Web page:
Screening-Detected PCa May Be Less Risky
These tumors are more likely to be organ confined at the time of surgery.
In addition, a separate study by researchers in
The mean age of both groups was 60 years. The investigators analyzed preoperative total PSA levels, age, pathological characteristics, and prostate volume, finding that screen-detected cancers were significantly more likely to be organ confined at the time of surgery.
“This is the first study to look at this,” lead investigator Alexandre Pelzer, MD, assistant professor of urology at the Medical University of Innsbruck. “The principal goal is to decrease mortality, and we do decrease mortality by about 50% in Tyrol compared to the rest of
For the past several years, the Tyrol PSA Screening Project has produced data supporting the use of PSA screening in men age 50 and older. The new data show that screening results in patients being picked up with lower grade disease and lower risk of having positive margins.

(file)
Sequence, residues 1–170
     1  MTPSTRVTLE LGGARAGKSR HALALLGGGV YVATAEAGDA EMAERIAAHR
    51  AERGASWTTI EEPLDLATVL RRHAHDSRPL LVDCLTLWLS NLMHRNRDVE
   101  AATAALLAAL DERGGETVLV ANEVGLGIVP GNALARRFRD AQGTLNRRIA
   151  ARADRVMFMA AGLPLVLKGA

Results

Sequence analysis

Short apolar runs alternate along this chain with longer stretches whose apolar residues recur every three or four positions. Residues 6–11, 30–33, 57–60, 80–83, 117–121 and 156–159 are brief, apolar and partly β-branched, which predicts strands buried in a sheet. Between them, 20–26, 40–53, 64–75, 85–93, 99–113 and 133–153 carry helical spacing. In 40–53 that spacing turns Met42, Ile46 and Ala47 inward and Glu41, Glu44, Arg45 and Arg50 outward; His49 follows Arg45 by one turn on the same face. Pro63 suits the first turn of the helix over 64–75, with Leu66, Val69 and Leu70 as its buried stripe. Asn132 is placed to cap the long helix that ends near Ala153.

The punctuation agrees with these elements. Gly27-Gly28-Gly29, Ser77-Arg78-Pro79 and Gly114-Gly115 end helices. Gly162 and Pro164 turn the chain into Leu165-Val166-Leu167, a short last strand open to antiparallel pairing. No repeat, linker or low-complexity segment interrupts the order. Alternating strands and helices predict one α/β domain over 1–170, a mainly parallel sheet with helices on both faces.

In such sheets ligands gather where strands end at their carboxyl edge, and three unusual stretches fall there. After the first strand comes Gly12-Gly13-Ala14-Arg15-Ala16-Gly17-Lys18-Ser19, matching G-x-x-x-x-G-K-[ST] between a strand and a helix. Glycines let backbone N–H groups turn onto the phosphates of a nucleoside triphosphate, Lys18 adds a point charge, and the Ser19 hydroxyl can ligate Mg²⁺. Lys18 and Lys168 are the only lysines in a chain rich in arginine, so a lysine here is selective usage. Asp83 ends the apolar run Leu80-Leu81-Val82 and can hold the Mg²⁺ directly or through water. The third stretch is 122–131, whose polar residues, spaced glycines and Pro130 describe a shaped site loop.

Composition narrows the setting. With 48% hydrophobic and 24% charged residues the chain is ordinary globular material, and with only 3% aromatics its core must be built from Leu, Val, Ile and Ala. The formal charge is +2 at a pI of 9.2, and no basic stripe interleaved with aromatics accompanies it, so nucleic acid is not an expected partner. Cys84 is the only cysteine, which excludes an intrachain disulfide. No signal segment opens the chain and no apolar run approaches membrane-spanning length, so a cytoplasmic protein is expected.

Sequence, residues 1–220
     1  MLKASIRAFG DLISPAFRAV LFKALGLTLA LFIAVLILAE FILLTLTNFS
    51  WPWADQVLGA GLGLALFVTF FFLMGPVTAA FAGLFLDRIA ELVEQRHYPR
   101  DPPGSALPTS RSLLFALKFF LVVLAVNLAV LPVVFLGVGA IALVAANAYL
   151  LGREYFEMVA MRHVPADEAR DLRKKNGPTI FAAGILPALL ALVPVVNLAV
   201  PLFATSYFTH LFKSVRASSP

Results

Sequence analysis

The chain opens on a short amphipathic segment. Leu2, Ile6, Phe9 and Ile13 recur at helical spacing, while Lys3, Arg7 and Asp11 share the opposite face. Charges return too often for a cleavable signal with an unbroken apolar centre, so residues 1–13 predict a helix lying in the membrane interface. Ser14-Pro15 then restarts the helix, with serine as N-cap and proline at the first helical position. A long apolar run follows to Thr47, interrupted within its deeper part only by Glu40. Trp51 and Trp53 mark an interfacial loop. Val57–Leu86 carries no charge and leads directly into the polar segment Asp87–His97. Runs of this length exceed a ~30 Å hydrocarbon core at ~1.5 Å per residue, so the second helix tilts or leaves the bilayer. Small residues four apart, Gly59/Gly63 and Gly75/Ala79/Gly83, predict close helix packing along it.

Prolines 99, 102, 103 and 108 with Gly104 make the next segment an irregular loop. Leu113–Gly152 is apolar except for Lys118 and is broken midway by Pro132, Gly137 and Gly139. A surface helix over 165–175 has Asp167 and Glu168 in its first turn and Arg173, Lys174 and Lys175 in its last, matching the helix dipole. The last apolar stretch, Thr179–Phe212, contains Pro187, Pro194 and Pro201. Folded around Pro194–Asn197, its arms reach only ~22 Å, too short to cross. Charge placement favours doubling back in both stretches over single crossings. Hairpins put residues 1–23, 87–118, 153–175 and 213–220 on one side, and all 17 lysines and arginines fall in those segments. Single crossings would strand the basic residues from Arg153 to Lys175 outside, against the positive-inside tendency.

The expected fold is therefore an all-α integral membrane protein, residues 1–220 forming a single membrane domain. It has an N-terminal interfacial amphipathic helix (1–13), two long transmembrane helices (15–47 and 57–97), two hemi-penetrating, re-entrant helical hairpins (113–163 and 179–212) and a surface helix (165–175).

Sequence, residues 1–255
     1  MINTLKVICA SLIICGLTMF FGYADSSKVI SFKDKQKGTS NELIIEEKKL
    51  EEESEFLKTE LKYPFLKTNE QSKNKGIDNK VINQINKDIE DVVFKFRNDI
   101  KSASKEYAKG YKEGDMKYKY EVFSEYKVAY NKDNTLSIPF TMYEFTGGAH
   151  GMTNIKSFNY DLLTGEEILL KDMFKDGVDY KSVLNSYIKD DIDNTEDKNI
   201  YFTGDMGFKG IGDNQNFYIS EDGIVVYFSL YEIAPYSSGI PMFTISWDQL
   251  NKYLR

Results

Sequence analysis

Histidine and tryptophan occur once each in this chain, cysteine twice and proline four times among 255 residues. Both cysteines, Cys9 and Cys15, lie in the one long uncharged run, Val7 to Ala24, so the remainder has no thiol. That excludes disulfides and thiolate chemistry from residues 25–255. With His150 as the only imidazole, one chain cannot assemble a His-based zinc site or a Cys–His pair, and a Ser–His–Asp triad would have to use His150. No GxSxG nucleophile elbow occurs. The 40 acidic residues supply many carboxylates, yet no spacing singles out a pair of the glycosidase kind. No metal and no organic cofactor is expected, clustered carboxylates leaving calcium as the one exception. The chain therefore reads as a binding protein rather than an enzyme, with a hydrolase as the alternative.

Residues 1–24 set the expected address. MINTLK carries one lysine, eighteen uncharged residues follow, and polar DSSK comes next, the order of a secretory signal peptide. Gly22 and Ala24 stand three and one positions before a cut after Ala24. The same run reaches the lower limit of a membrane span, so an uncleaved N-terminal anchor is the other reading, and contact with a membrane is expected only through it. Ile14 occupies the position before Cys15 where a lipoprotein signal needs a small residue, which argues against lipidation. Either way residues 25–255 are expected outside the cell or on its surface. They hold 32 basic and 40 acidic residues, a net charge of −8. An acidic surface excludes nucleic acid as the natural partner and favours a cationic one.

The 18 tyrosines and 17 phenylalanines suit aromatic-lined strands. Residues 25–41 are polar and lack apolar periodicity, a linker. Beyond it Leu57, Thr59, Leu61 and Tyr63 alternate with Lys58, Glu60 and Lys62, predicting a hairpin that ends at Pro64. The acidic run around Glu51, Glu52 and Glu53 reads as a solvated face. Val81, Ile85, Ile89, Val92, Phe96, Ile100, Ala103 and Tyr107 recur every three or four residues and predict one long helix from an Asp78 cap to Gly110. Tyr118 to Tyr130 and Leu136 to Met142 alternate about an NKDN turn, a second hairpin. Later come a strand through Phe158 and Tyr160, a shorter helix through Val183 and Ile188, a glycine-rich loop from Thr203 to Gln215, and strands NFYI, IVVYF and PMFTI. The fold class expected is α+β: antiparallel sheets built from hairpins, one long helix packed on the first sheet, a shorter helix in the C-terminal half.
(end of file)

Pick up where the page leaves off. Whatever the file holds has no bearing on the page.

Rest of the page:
In a separate study presented at the meeting, researchers in
The median delay from baseline PSA screening to diagnosis was 17 years. Plasma levels of all PSA forms were strongly associated with case status. Even a small elevation in total PSA levels markedly increased risk. The risk of advanced prostate cancer by age 75 was 2% for men with a total PSA level of 0.5 ng/mL.
There was a direct increase in risk with each higher level. The risk increased to 3% for men with a total PSA level of 0.75 ng/mL; 4% for a level of total PSA of 1.0 ng/mL; 7% for men with a total PSA of 1.5 ng/mL; and 12% risk (three times the population mean) for men with a total PSA of 2.0 ng/mL at age 44-50.
The researchers concluded that screening and chemoprevention trial efforts could be risk-stratified if men were screened between the ages of 44 and 50. Study investigator Hans Lilja, MD, PhD, who presented the findings here at the American Urological Association annual meeting, said that this approach could lead to more frequent monitoring of those found at baseline to have elevated risk.
Ultimately, this could help reduce prostate cancer morbidity and mortality rates. In this study, risk was highly concentrated, with 60% of the advanced cancers occurring in men in the top 20% of PSA levels in this population of men aged 50 years, and younger at the time when blood was drawn at baseline.